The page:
There good news and bad news. Bad news first. Had president Trump Tweeted a lot less, there is a good chance that Republicans could have maintained some of the seats that flipped. There is anecdotal evidence that despite the booming economy, Trump’s infelicitous manner of speaking irritates some voters — particularly suburban women — and they registered their disapprobation at the ballot box.
The good news is that Republicans only lost 25 seats, which is in line with historical results for mid-term elections and a far cry from the “blue wave” that so many pundits, commentators and Democrats assured us was inevitable. Americans, once again, voted for divided government.
By way of comparison, in 2010, Obama and the Democrats lost 63 House and 6 Senate seats. Republican losses in the House look almost inconsequential against the shellacking visited upon Democrats in 2010..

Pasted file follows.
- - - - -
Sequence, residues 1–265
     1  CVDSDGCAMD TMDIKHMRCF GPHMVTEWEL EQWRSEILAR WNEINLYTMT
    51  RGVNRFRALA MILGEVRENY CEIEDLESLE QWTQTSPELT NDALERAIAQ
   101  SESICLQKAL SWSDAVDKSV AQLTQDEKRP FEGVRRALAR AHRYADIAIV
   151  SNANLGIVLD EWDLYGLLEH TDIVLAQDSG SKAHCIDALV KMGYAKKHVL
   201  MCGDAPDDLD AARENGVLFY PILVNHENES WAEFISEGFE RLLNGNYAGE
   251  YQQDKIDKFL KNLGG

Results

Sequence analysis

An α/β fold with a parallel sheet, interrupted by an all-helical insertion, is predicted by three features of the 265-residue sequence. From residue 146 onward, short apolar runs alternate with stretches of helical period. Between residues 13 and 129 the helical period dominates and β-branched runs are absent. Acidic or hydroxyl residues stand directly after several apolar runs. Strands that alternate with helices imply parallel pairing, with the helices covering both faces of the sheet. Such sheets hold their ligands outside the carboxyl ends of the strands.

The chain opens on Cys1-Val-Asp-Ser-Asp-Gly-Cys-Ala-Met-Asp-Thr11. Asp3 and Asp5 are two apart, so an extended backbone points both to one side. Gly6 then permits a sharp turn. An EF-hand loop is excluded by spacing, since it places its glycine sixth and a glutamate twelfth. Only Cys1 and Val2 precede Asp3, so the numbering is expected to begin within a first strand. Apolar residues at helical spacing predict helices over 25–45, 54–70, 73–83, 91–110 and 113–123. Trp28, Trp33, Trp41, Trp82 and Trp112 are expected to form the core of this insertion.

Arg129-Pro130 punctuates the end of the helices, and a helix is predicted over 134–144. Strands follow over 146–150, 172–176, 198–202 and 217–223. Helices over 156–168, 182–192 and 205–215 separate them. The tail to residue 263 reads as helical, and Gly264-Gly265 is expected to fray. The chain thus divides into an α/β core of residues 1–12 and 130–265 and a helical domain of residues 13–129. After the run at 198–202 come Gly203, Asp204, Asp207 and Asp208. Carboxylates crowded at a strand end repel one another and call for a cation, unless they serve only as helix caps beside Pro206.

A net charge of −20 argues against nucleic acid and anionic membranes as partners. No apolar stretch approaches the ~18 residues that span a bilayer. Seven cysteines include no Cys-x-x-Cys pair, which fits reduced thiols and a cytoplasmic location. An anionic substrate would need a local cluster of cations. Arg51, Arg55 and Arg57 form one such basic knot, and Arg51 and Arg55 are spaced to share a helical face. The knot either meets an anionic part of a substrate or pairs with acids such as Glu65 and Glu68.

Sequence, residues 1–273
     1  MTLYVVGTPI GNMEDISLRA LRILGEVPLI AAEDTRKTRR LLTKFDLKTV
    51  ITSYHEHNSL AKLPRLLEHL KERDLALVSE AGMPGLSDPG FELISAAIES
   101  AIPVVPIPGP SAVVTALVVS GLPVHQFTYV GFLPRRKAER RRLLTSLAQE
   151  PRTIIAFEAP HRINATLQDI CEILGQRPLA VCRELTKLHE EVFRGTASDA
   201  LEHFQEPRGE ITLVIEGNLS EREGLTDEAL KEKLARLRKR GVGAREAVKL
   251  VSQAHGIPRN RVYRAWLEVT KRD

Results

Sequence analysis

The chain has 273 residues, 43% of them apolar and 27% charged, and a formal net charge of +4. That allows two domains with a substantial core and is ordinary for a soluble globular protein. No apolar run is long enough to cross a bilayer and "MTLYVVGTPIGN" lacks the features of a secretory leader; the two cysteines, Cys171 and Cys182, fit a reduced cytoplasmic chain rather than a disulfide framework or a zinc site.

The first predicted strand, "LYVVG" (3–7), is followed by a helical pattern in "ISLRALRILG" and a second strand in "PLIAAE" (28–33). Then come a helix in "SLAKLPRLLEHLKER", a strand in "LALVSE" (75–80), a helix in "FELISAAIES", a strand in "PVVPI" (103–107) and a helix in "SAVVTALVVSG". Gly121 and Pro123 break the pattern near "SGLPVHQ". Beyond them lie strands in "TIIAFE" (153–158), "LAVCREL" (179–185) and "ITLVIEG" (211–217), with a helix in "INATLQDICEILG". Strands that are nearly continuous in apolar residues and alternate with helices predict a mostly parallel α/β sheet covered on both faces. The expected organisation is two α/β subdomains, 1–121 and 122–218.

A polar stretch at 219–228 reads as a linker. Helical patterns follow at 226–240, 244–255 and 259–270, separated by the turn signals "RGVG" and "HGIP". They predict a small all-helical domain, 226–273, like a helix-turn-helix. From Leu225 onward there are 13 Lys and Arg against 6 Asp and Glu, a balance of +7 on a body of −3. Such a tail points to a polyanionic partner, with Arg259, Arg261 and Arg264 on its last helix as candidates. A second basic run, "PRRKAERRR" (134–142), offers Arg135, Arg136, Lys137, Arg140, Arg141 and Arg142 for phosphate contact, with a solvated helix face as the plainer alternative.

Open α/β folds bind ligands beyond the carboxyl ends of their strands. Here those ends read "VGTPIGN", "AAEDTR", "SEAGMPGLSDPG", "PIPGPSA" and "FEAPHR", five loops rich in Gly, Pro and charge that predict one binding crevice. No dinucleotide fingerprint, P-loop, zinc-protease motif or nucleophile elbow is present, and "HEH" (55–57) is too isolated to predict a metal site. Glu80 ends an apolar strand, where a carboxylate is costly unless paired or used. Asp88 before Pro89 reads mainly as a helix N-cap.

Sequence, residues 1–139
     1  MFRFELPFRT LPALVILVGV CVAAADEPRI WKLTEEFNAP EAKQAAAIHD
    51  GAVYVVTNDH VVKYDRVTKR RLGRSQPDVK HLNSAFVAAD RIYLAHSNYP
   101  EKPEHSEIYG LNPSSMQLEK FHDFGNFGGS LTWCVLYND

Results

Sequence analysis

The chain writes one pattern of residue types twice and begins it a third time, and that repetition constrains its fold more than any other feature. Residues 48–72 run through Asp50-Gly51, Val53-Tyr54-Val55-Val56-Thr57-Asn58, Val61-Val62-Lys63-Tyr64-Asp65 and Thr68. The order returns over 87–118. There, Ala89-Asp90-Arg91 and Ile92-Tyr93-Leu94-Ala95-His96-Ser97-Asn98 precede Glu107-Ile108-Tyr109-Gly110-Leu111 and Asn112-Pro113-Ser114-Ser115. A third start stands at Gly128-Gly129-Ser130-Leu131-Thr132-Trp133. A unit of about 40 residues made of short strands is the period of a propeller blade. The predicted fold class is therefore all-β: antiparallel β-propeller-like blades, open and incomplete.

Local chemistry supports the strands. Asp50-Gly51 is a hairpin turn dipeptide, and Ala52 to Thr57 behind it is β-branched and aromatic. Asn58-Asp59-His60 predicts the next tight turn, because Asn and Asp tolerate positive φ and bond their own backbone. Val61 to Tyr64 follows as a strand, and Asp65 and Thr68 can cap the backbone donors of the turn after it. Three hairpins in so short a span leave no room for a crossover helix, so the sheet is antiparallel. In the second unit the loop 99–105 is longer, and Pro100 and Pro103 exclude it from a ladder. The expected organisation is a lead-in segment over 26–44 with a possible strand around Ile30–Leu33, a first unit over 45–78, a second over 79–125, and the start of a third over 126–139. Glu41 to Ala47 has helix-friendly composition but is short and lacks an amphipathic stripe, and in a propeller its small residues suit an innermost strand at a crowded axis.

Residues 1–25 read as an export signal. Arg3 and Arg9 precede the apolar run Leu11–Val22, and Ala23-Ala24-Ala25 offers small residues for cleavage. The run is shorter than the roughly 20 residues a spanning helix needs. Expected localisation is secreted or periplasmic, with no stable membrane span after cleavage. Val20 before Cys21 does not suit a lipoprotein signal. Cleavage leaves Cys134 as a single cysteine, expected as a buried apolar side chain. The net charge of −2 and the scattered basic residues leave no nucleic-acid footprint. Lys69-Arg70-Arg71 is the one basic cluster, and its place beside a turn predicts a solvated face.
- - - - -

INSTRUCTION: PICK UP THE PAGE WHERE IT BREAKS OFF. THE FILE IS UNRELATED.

With a comfortable margin of 55 seats in the Senate, Trump’s next conservative Supreme Court nominees will be confirmed, which means there will be no need to appease potentially equivocating Susan Collings and Lisa Murkowski. Control of the Senate may turn out to be more consequential than the loss of the House.
It is also interesting to note that Obama ended up 0 for 4: the progressive candidates in close races he supported all came up short. So much for the new progressive coalition of the ascendant. Going forward, Democrats might want to ask themselves:does it make sense any more to invite Obama to hit the campaign trail?